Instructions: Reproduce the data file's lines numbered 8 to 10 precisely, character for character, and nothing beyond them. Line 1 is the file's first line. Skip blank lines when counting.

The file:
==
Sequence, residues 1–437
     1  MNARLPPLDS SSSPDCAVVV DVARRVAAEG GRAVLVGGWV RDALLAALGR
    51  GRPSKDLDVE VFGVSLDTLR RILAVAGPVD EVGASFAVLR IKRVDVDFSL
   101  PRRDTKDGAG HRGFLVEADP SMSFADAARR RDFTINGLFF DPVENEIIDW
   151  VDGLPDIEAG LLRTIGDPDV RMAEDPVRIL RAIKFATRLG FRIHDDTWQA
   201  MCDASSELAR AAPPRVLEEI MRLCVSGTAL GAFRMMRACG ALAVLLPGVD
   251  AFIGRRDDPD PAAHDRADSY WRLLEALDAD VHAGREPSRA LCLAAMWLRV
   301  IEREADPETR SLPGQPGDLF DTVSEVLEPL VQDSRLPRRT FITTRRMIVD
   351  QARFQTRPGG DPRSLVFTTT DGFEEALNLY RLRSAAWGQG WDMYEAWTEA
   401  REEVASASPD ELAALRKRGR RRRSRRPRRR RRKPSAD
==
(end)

   301  IEREADPETR SLPGQPGDLF DTVSEVLEPL VQDSRLPRRT FITTRRMIVD
   351  QARFQTRPGG DPRSLVFTTT DGFEEALNLY RLRSAAWGQG WDMYEAWTEA
   401  REEVASASPD ELAALRKRGR RRRSRRPRRR RRKPSAD